When considering the hours in your week you will need to commit to, also account for strength training, stretching, and foam rolling. Too many people underestimate the need for these aspects. Many runners make the mistake of pushing these off their schedule when they don’t have enough time or when they need an extra rest day. Strength training, foam rolling, and stretching are keys to a solid injury prevention plan.

Lastly, do you have enough time to plan your meals, go grocery shopping (or order your groceries), and prepare meals so you have good nutrition to fuel your runs. As your miles increase, your hunger will as well. It’s important to make sure you’re fueling your body with good nutrition so you can recover after each and every workout. I’ve also found that when I fail to plan healthy food ahead of time and have it ready to go, I’m more likely to rely on junk food to fill my “RUNGER”, which unavoidably leads to weight gain. Fuel up on the good stuff and minimize the junk.

Related: Nutrition for Runners: 5 Core Eating Habits to Follow

Is Your Body Ready to Handle the Mileage?

Before you start training for a full marathon, you should be comfortable running 20-30 miles per week. This way, your body will be used to a certain level of basic mileage, which will make it easier on you as you push upwards into 30 and 40 miles per week. In addition, make sure you’ve addressed any weak areas such as strength training or flexibility prior to starting your marathon training plan, and have a way to incorporate those two key injury prevention strategies into your training schedule.

Related: What is Base Training and How to Build It

If you’re overcoming an injury, ask yourself if you’ve taken enough time to heal and build a solid foundation. This will help you progress from a solid position moving forward. If you were injured recently, understand that you might have to be flexible in your marathon training plan. Listen to your body. Be patient with yourself. If the longer runs and higher mileage are aggravating the injury, leave your emotions aside. Consider what course of action will be best for you in the long run (haha—pun intended). Consider working with a Physical Therapist who is familiar with distance running.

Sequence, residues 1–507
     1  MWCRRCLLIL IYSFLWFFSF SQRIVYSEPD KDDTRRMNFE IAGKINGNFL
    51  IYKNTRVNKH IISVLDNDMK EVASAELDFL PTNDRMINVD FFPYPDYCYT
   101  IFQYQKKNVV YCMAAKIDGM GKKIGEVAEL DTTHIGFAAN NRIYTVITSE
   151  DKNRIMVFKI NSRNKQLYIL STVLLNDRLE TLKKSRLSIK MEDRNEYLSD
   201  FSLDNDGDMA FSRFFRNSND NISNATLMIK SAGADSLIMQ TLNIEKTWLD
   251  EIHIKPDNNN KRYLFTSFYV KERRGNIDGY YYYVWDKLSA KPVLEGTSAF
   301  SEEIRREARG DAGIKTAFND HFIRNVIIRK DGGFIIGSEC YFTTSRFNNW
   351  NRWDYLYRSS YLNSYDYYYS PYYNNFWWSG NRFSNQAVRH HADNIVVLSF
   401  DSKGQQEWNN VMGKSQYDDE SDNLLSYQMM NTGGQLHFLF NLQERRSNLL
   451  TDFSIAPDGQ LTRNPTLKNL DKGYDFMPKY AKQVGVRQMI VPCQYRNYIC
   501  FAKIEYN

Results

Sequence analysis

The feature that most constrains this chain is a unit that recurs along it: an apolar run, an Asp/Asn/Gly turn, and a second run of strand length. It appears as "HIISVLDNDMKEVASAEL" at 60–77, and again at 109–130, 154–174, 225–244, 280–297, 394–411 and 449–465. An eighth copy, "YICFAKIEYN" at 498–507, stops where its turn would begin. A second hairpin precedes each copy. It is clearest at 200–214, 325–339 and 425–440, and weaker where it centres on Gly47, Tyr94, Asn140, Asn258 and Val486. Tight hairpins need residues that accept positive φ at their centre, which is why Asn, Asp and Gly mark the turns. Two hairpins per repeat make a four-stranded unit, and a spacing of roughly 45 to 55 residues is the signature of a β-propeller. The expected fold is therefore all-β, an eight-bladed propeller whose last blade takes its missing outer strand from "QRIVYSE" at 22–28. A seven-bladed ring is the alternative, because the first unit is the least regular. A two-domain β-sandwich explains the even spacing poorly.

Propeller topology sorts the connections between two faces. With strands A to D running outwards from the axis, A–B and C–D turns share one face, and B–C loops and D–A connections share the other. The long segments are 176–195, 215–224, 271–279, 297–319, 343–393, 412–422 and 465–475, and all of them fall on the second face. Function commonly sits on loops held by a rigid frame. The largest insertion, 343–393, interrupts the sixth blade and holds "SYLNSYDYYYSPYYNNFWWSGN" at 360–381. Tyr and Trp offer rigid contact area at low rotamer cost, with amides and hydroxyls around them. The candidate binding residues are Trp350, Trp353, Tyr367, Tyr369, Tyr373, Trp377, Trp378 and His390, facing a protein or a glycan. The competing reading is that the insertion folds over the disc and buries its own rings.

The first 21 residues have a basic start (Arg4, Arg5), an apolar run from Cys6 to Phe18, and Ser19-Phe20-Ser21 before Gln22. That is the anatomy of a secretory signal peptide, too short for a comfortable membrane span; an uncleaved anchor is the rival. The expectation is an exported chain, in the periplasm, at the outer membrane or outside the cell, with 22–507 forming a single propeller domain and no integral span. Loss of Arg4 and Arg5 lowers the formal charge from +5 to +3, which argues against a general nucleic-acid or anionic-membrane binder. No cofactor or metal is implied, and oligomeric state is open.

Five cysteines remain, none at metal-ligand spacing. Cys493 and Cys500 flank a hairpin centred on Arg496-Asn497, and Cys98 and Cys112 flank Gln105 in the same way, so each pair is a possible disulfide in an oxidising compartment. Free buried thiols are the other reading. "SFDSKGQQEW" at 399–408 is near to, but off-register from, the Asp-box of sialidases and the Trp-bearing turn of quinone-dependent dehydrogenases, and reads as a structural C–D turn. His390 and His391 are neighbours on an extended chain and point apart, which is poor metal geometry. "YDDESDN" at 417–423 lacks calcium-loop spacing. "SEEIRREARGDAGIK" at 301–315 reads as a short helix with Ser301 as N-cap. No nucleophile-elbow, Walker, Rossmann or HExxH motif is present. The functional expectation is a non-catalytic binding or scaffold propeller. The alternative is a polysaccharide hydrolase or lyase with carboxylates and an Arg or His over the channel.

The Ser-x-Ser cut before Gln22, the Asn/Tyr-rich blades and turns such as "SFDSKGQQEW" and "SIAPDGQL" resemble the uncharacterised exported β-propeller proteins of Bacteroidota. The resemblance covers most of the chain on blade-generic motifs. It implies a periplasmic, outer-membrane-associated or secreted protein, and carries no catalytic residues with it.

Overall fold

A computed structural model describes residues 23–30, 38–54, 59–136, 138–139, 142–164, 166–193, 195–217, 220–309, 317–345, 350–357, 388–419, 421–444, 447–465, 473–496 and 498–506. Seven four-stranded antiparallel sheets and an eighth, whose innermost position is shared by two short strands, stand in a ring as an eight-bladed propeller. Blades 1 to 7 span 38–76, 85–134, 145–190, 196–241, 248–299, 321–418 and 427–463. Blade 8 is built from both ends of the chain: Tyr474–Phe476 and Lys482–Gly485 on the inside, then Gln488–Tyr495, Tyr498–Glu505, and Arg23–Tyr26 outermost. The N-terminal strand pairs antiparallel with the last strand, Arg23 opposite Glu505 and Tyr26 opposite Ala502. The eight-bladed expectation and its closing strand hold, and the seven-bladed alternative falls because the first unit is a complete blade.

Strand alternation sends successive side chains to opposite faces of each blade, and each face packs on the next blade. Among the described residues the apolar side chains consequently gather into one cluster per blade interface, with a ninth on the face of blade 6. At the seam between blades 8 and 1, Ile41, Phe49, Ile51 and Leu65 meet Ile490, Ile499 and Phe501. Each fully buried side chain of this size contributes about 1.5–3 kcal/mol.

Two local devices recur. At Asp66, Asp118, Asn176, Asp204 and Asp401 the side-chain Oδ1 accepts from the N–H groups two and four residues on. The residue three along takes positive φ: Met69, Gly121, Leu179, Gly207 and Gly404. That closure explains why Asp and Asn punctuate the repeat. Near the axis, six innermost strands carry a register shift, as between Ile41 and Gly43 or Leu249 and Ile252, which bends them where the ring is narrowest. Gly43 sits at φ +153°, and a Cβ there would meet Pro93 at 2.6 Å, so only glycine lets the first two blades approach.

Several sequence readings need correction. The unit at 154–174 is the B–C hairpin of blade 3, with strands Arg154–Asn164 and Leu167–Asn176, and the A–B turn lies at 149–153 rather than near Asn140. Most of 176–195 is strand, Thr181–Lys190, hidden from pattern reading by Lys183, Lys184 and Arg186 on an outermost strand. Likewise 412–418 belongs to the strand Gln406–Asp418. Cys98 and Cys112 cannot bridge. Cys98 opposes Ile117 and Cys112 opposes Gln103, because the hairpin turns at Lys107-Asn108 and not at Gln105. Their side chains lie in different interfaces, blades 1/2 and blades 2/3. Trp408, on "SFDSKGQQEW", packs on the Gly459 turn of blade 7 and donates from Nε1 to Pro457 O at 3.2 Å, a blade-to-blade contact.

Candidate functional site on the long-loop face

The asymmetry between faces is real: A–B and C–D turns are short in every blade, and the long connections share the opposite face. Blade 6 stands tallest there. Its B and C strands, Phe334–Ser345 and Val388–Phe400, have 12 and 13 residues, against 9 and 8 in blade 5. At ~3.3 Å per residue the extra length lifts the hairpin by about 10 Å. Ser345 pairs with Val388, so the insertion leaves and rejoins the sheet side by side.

Do you have a good strength training foundation?

Strength training is a key component to supporting a strong stride and correcting any muscle imbalances. Over time, an unbalanced stride could put undue stress in a certain spot and brew up an injury. Incorporate strength training 3 times per week if you’re working on correcting a weak area. Do it least 2 times per week for preventative maintenance.

Related: Why Runners Need Strength Training

Could your nutrition habits use some improvement?

This is where most runners struggle. Going out and doing the runs is easy most days. Controlling what you put in your mouth is a whole different deal.

If this is you, then training for a marathon is a great time to focus on improving your nutritional habits. Coach and sports nutritionist Matt Fitzgerald outlines the 5 core principles for endurance athletes to follow when planning their nutrition:

  1. Eat Everything
  2. Eat Quality
  3. Eat Carb-Centered
  4. Eat Enough
  5. Eat Individually

To learn why these 5 habits work for endurance athletes around the world, pick The Endurance Diet. Or, head to the “Nutrition for Runners” article on how to incorporate each of these habits into your diet.

Related: Nutrition for Runners: 5 Core Eating Habits to Follow

Can you handle your goals being postponed if you can’t race on your scheduled day?

This is an emotional question, and it taps into your running “Why”. Are you just going for a one-and-done race or training for a marathon because you want running to be part of your lifestyle? If your race is cancelled or you can’t run due to an injury, will you throw in the towel or find another race?

Related: Find Your Running Motivation “Why”

In 2020, nearly all of the races were either cancelled or postponed due to COVID-19. Some runners decided to keep running and schedule another race, and others ran virtual races on their own.

Other years when races are still going on as planned, many runners get injured during the process of increasing their miles to prepare for the marathon distance, and they have to take some time off of training. Depending on the timing of their injury, they may need to sit their scheduled race out and wait until they are stronger before racing. The question is, are you mature enough in your running to understand that while you can chase the goal of one race with all your gusto, there will always be another race later?

Are you thinking about taking the leap from the half marathon to the full marathon? What’s holding you back?

RunningMyBestLife

Run Happy,

Alexis

About Me: I’m Alexis, Founder of RunningMyBestLife! I am an avid recreational runner, half marathoner, wife, dog mom, busy professional, downhill skier in Northern Utah. My mission is to help new enthusiasts fall in love with the sport of running. I believe that running is a catalyst to taking control of your life and living your best life by design. Learn More –>